In October 1937, Samuel Beckett went to Paris but was forced to return to Ireland almost immediately to appear in court in connection with the libel suit filed by his uncle ‘Boss’ Sinclair against Oliver St John Gogarty. In Ireland, however, he was ridiculed in court as a ‘bawd and blasphemer’ from Paris, and decided to never live again in Ireland, although he could not completely disentangle himself from the land of his birth. Beckett's early career was characterised by the ritual denunciation of all or almost all things Irish in ‘Recent Irish Poetry’ (1934). In 1935, he published Echo's Bones, which contains poems that dwell repeatedly on love as a manifestation of exile-from-self. In Beckett and Contemporary Irish Writing, Stephen Watt compared two Irish poets, Derek Mahon and Paul Muldoon, to Beckett, who has also influenced the works of Thomas Kinsella, indicating subterranean links to the crystalline economy of early Irish lyrics.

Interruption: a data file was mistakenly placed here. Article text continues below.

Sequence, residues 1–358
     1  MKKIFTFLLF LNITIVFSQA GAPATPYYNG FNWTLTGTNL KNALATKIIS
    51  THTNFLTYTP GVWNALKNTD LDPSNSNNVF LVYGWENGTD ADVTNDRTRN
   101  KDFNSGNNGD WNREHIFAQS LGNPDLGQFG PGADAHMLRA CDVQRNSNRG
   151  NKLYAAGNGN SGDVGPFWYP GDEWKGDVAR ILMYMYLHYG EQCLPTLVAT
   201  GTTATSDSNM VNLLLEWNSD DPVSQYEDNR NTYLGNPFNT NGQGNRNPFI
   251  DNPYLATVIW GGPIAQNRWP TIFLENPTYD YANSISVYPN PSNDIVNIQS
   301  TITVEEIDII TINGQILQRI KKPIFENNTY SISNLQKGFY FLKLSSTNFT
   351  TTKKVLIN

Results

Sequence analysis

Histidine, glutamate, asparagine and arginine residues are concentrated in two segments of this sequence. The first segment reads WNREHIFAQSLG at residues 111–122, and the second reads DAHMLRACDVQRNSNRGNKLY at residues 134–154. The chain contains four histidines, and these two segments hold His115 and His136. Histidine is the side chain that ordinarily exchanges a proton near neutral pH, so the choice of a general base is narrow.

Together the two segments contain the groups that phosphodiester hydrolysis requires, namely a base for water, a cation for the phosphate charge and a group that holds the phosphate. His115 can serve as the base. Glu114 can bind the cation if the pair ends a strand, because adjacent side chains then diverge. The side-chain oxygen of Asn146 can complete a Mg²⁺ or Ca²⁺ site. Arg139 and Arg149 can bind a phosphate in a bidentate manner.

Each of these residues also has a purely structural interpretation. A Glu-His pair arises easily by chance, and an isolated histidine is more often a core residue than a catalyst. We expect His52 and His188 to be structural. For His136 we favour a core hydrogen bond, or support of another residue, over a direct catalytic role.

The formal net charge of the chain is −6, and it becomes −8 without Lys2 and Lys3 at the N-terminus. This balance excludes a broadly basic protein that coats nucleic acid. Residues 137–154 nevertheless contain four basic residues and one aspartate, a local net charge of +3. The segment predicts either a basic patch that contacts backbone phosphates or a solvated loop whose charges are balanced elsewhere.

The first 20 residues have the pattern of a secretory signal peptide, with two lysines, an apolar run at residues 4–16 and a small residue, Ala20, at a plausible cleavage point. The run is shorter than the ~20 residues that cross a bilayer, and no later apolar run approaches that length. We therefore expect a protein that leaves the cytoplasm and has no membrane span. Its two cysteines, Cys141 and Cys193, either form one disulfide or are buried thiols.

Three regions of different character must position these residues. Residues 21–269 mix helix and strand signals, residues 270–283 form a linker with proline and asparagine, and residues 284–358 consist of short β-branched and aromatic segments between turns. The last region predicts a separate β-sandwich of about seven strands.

Keywords: Samuel Beckett; Ireland; Irish poetry; Echo's Bones; love; exile; Stephen Watt; Derek Mahon; Paul Muldoon; Thomas Kinsella
Article. 7185 words.
Subjects: Literature ; Literary Studies (20th Century onwards) ; Literary Studies (Poetry and Poets)
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